Trending Topics

What cadets should expect in the academy

Expect to be challenged physically, mentally and emotionally


In this Friday, Dec. 7, 2012 photo, the shadow of a Georgia Department of Juvenile Justice correctional officer is cast as he leaves a training facility in Forsyth, Ga.

AP Photo/David Goldman

So, you want to work with the offender population? You want to work behind cement walls with individuals who have committed heinous crimes. You are willing to take an oath proving your commitment to providing a safe, secure and humane environment for those who cannot function in society. You’ve heard the stories, watched the prison documentaries and are mentally prepared to take on this challenge. But you have absolutely no idea what to expect.

As a cadet, your first day of training in the academy will be full of paperwork and meet-and-greets. You will get your uniform and PT gear then be told which facility you have been assigned to. Training officers will be stern, barking orders and expecting you to know the answers to their rapid-fire questions. Your confidence will begin to diminish, and your anxieties rise. You will think to yourself, “And I have to come back tomorrow?” I, along with many other correctional officers, remember those feelings all too well. The only way to re-build that diminished confidence is to open your ears, keep your head on a swivel and ask as many questions as you can. As a correctional officer, you will learn something new every day. As the needs of society change, so do those of the offenders, which means you need to be able to thrive in an ever-changing environment.

Truth is, it is nearly impossible to be 100 percent ready to join the department of corrections. So, what should you expect as you make your way through the correctional officer academy?

Expect to be challenged, physically, mentally and emotionally. The days are going to be exhausting and, at times, will feel extremely unrewarding. You are going to be forced to push yourself and you will be outside of your comfort zone. You need to start being comfortable with being uncomfortable. Eventually, you will find strength where there was once weakness.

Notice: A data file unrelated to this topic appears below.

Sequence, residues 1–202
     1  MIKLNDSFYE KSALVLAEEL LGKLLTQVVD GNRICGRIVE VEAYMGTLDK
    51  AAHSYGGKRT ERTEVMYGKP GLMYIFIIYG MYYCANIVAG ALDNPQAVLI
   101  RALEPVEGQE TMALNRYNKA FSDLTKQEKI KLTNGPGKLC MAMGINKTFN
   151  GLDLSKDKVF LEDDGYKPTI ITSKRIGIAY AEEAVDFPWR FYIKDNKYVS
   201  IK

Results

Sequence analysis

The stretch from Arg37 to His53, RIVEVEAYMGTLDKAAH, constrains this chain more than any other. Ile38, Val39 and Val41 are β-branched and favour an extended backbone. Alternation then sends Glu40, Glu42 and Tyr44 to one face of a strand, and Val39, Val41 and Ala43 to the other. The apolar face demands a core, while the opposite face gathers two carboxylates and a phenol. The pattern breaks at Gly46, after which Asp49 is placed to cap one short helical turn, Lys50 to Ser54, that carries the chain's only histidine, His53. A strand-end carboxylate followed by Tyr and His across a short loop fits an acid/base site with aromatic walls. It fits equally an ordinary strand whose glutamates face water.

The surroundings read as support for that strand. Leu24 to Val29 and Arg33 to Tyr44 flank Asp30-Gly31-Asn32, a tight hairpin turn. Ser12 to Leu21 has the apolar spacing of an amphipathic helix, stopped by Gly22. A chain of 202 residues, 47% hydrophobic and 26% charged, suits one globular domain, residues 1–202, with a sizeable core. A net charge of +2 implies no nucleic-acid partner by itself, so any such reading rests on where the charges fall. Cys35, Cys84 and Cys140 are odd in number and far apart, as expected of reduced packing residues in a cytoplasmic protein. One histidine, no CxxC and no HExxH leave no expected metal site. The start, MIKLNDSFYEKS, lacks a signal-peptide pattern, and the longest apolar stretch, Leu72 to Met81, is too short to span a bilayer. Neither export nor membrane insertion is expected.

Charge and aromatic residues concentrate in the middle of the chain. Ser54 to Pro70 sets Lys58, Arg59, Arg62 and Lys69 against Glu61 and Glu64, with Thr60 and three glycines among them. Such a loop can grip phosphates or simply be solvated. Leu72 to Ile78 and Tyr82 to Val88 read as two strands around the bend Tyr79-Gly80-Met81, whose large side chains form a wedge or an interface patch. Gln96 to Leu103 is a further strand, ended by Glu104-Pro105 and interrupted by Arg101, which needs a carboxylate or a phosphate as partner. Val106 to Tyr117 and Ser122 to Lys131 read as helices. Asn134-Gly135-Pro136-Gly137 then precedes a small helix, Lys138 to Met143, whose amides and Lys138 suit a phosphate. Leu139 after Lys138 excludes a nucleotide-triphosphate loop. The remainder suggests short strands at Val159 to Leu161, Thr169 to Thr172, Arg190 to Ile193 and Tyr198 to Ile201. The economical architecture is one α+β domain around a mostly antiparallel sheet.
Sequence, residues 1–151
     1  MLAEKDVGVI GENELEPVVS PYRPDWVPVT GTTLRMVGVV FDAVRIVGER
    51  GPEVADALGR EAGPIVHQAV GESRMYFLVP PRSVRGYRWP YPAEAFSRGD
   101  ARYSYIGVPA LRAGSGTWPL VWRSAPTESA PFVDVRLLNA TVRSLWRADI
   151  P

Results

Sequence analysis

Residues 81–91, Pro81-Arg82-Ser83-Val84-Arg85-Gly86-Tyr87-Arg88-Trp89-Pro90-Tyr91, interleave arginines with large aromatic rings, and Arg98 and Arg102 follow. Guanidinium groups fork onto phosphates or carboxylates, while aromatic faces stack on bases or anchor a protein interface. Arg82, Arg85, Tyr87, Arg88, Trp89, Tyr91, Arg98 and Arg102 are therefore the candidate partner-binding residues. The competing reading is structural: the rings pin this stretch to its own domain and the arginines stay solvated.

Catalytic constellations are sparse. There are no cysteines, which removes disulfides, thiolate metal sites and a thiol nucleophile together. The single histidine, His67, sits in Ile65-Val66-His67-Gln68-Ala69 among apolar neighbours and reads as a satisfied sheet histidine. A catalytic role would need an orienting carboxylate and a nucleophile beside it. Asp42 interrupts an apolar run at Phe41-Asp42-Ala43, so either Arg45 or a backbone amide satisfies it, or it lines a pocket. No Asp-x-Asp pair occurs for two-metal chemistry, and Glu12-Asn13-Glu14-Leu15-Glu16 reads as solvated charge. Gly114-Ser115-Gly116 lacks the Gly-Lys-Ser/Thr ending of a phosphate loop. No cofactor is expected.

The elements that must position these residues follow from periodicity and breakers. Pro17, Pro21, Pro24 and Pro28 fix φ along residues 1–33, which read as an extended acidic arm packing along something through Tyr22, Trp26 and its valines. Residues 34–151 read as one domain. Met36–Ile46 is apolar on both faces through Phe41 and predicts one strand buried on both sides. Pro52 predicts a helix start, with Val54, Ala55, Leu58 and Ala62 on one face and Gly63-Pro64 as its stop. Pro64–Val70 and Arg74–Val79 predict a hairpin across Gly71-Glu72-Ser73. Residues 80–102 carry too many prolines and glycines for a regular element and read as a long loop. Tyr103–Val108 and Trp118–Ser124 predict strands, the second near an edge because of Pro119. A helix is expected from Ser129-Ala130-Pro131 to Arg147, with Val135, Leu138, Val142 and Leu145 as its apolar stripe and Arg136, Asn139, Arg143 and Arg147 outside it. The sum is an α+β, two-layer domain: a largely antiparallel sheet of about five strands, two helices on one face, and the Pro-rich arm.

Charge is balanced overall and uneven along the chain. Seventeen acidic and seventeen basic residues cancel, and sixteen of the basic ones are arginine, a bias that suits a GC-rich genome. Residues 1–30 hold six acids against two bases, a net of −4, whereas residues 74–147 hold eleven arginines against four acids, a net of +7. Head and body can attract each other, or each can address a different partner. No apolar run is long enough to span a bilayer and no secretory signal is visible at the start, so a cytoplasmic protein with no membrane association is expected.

Expect to be wrong and remember to take advantage of being in a controlled environment; practice until you know the correct answer. Pay attention to each lesson, especially during hands-on training.

Expect to be called upon to be a correctional leader; embrace those opportunities and hone those skills.

Expect to be critiqued on your appearance; the way you wear your uniform says a great deal about your work ethic.

Expect to challenge yourself as well as your peers. Challenging each other creates professional growth and you will need each other as you transition from a civilian to an officer of the law.

Expect to be held to a higher standard of professionalism; this includes when you are off the clock. Understand that the academy only gives you a foundation and that once you are in the facility going through your on-the-job training you are expected to advance your knowledge. Observe the officers, ask questions, and never say “I know” when a superior officer explains something to you. It is disrespectful and behind those walls, you certainly know next to nothing. As you learn from fellow officers, remember to mold yourself into the officer you want to become. You cannot mimic another officer; you can only be yourself, everyone else is taken.

Expect to graduate the academy and make your loved ones proud. Remember, it is their support that has gotten you this far and it is their support that will carry you through the next 20 years.

Expect to feel an overwhelming sense of pride because you have taken on a challenge that very few people can claim; remain humble and let your integrity lead you. Yes, you have chosen a difficult and, at times, thankless career, but you can never let that deter you from doing your job.

Jenna Curren, Ed.D., is an assistant professor in criminal justice studies. As chair of a CJ advisory board, Jenna actively partners with members of the community to integrate current students into internships and prospective law enforcement careers. Prior to working in academics, Jenna held various custody and treatment positions and was a lieutenant for the Connecticut Department of Correction. Throughout her tenure, she supervised men, women, youth and mental health offenders. A C.E.R.T and honor guard member, as well as a training officer, Jenna has 10 years of experience in the criminal justice and human services fields.